Dada Lekhraj

15 Dec 1876
18 Jan 1969
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Lekhraj Khubchand Kripalani (15 December 1876 – 18 January 1969), also known as Dada Lekhraj, was the founder of the Brahma Kumaris. He is also known as Brahma Baba by the members of the Brahma Kumaris.

Originally from Hyderabad, Sindh, Lekhraj Kripalani became extremely wealthy from a jewellery in Calcutta. In his fifties, Kripalani reportedly had visions and retired, returning to Hyderabad in Sindh and turning to spirituality.

In 1932, Lekhraj established a spiritual organisation called Om Mandali. Originally a follower of the Vaishnavite Vallabhacharya sect and member of the exogamous Bhaiband community, he is said to have had 12 gurus but started preaching or conducting his own satsangs which, by 1936, had attracted around 300 people from his community, many of them being wealthy.

The BKWSU claims that a relative reported that a spiritual being (Shiva) entered in his body and spoke through him. Since then, Lekhraj has been regarded by the BKWSU as a medium of God, and as such, speaking channeled messages of high importance within the religious movement’s belief system.

In 1937, Dada Lekhraj named some of the members of his satsang as a managing committee, and transferred his fortune to the committee. This committee, known as Om Mandali, was the nucleus of the Brahma Kumaris. Several women joined Om Mandali, and contributed their wealth to the association.

The Sindhi community reacted unfavourably to Lekhraj’s movement due to the group’s philosophy that advocated women to be less submissive to their husbands, going against that strong cultural aspect at the time in India, and also preached chastity.

Organizations like the Indian National Congress and Arya Samaj accused Om Mandali of being a disturber of family peace. Some of the Brahma Kumari wives were mistreated by their families, and Dada Lekhraj was accused of sorcery and lechery. He was also accused of forming a cult and controlling his community through the art of hypnotism.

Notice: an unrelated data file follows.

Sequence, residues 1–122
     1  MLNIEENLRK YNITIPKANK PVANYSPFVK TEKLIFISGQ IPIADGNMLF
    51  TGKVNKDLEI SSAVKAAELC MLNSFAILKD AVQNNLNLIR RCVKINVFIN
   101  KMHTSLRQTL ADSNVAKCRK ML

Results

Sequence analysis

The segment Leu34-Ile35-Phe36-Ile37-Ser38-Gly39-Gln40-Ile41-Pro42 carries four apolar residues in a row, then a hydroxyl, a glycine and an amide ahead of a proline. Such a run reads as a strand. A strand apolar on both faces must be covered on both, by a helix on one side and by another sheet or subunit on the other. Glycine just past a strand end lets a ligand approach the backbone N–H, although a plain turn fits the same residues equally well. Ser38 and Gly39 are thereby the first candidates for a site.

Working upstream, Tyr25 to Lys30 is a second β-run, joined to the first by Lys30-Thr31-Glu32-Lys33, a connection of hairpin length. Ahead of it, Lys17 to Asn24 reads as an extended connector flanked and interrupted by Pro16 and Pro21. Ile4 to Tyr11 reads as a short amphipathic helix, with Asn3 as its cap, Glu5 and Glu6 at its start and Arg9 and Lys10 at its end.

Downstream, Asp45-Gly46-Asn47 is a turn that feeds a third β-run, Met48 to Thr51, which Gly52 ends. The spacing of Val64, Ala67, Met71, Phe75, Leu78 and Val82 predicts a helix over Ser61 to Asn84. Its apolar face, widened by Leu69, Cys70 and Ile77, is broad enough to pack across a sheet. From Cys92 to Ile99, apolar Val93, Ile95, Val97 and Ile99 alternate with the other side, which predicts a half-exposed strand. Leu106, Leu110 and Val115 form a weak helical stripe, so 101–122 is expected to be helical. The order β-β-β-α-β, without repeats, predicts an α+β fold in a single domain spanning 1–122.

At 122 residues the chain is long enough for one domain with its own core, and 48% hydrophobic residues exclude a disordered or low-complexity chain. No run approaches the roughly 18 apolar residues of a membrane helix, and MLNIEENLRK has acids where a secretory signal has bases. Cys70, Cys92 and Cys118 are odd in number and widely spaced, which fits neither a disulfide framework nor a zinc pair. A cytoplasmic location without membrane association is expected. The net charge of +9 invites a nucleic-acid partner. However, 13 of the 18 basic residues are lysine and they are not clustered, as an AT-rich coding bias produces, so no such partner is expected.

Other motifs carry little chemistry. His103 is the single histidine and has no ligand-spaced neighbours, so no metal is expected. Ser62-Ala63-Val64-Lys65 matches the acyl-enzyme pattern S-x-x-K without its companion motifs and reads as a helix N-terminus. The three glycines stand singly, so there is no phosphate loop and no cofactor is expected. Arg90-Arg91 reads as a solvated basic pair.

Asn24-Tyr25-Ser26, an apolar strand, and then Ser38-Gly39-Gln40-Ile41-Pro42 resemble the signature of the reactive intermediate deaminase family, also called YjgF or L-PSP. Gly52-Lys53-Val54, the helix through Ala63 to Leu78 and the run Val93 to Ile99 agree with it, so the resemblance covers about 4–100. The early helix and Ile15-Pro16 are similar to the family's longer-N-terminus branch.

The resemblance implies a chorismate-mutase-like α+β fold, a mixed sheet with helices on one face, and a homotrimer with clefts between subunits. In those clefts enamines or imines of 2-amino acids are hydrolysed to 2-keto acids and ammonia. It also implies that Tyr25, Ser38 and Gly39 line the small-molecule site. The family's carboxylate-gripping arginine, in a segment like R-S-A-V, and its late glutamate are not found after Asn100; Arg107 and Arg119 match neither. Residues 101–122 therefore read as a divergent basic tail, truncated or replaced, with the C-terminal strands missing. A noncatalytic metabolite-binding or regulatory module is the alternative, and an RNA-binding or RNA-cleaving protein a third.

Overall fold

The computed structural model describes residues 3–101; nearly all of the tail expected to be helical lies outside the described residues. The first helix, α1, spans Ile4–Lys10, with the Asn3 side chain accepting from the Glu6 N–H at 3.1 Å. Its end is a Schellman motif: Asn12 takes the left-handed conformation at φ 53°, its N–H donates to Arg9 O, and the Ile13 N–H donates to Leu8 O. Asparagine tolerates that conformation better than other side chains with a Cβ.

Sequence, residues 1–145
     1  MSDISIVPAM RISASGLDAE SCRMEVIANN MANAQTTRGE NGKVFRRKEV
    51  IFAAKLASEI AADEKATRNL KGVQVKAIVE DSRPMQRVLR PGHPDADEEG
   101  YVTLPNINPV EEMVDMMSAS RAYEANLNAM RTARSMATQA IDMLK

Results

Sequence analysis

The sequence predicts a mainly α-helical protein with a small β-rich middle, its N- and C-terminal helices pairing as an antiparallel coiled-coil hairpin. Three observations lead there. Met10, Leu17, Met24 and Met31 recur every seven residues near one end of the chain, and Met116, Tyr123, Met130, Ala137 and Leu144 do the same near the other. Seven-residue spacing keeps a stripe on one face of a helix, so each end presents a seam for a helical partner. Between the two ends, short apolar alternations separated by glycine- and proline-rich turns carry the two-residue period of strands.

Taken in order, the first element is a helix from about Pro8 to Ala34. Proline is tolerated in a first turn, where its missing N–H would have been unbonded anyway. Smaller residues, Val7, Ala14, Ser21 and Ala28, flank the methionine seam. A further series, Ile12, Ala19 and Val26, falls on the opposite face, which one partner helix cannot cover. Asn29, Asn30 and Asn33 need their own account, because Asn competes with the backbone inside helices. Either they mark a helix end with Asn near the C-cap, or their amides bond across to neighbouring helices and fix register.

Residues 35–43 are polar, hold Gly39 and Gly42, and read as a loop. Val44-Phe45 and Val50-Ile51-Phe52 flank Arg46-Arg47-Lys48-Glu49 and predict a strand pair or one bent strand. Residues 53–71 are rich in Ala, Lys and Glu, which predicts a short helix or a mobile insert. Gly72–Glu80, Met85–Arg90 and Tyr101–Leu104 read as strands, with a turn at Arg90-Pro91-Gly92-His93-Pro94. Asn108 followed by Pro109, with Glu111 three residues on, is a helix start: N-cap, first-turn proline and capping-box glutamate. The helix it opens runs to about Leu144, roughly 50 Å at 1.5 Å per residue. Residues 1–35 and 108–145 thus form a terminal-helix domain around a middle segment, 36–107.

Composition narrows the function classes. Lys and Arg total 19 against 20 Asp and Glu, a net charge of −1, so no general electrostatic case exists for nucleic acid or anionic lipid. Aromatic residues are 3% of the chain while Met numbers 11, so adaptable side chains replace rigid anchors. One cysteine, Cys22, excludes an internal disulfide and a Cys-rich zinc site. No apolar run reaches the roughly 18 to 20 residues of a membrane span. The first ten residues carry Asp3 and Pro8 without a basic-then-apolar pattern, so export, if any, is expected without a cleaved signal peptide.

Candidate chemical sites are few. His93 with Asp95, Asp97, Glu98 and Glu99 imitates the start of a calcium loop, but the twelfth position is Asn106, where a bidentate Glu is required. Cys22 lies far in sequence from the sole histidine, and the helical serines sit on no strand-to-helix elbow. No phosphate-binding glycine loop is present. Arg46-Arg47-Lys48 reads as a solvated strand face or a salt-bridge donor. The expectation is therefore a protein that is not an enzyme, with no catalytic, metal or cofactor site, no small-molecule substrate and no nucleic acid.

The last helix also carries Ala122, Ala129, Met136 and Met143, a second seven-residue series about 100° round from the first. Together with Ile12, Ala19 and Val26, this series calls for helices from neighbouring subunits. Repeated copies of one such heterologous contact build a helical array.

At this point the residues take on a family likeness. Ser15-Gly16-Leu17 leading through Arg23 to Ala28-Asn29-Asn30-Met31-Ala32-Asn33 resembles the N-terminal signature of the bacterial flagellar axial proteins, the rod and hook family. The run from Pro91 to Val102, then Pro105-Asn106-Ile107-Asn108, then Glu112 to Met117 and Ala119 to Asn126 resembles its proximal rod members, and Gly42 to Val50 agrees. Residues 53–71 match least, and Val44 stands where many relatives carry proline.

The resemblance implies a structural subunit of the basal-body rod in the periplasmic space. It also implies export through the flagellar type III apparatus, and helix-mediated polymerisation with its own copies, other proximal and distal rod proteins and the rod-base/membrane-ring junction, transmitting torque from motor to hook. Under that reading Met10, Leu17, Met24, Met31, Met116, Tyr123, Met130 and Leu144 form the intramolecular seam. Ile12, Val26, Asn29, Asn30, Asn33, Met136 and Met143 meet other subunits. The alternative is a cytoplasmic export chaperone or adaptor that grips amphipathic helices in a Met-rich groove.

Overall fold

To avoid persecution, legal actions and opposition from family members of his followers, Dada Lekhraj moved the group from Hyderabad to Karachi, where they settled in a highly structured ashram. The Bhaibund anti-Om Mandli Committee that had opposed the group in Hyderabad followed them.

On 18 January 1939, the mothers of two girls aged 12 and 13 filed an application against Om Mandali, in the Court of the Additional Magistrate in Karachi. The women, from Hyderabad, stated that their daughters were wrongfully being detained at the Om Mandali in Karachi.

The court ordered the girls to be sent to their mothers. Om Radhe of the Om Mandali appealed against the decision in the High Court, where the decision was upheld. Later, Hari’s parents were persuaded to let their daughter stay at the Om Mandali.

Several Hindus continued their protests against Om Mandali. Some Hindu members of the Sindh Assembly threatened to resign unless the Om Mandali was finally outlawed. Finally, the Sindh Government used the Criminal Law Amendment Act of 1908 to declare the Om Mandali as an unlawful association.

Under further pressure from the Hindu leaders in the Assembly, the Government also ordered the Om Mandali to close and vacate its premises.The Om Mandali successfully appealed against the Government order in the court.

After the partition of India, the Brahma Kumaris moved to Mount Abu (Rajasthan) in India in April 1950. After his death in 1969, the Brahma Kumaris expanded to other countries.

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